Classes to enhance your skills

Are you looking for a class to increase your skills in your favourite technique? Or perhaps looking for a project that “you can get your teeth into”?  We have included several classes in our line up that are not for beginners.

For machine embroidery enthusiasts, Lois Parish-Evens will teach you how to do thread painting with your machine. Her sample projects for Linear Landscapes are just breathtaking and each student can work on her own interpretation of images so will complete a unique piece.

Those wanting to enhance their contemporary embroidery or textile art techniques should seriously consider Colleen Plank’s Expand Your Landscape class. Students will gain experience with tools to prepare metal and wire for embroidery and have access to NMIT’s excellent textile art facilities such as the dying kitchen, the metal work studio and the felting lab.

Traditional-style embroiderers should be excited about Christine Bishop’s Reticella Sampler. Doing this beautiful project will give confidence and competence in a number of counted, cutwork and needlelace techniques up to punto in aria Reticella lace. The sampler is a teaching project, in the traditional meaning of sampler, but the finished piece is something anyone would be proud to display.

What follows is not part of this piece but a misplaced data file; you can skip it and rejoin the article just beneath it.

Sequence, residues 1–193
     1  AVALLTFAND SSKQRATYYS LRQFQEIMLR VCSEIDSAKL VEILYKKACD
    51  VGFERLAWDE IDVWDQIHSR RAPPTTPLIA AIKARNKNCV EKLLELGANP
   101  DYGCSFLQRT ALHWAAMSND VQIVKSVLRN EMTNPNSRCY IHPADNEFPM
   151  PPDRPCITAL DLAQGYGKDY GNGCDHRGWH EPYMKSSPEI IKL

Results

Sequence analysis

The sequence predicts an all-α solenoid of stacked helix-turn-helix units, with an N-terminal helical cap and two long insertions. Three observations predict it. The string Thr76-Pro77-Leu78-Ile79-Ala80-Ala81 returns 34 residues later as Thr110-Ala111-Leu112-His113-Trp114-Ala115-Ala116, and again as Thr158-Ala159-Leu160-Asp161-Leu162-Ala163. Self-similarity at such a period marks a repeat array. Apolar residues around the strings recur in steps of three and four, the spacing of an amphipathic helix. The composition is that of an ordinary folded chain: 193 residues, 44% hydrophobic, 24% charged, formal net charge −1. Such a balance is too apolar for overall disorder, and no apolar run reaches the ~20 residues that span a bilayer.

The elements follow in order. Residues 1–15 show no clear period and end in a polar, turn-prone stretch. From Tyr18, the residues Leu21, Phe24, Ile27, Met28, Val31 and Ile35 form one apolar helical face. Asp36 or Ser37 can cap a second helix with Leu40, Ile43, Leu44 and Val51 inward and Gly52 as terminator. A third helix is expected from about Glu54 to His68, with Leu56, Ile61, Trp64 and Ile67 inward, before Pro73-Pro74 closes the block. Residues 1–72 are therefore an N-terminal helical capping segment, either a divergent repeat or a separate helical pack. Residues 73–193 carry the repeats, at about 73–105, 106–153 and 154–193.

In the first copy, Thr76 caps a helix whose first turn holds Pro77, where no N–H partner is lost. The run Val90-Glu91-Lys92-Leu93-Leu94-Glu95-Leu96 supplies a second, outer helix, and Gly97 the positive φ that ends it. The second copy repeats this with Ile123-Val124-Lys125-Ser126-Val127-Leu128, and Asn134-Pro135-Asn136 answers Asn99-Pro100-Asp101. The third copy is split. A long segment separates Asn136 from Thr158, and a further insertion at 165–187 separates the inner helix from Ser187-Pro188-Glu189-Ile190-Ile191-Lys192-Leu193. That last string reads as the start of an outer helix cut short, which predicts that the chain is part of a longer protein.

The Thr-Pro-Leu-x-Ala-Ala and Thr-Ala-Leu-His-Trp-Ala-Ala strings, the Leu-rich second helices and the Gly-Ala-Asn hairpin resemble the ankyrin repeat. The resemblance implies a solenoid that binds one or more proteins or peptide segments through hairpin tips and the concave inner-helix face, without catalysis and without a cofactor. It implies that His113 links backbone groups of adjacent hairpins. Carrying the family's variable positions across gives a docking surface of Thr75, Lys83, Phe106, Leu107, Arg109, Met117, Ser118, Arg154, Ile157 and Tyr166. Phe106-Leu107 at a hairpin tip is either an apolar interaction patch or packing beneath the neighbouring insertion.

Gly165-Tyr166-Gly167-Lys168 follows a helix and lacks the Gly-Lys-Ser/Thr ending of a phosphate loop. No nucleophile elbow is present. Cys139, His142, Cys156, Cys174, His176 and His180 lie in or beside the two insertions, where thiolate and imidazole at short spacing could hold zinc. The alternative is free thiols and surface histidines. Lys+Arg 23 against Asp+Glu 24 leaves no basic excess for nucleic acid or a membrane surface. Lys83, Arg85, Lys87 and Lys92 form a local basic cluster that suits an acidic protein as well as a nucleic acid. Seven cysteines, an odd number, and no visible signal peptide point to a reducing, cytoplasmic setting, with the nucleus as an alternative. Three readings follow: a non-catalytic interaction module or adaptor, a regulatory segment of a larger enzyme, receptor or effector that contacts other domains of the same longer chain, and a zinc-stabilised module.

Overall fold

Hardanger and counted enthusiasts will be excited about Yvette Stanton’s Early Style Hardanger class.  Students will complete an exquisite lace-like panel using stitches Yvette studied in the Hardangerfjord region in Norway. Students will learn traditional stitches to use in their hardanger pieces and gain understanding of the differences in the historic style and what we know as hardanger today.

Jo Dixie’s Playing With Stitch class will encourage you to use traditional hand stitching in new and innovative ways. So often we tend to use our lovely stitches in the same way, but slight changes to the techniques will show you the enormous scope of our stitches. Jo’s class will give you confidence to experiment with the fascinating textures and patterns that can be obtained from our basic stitches.

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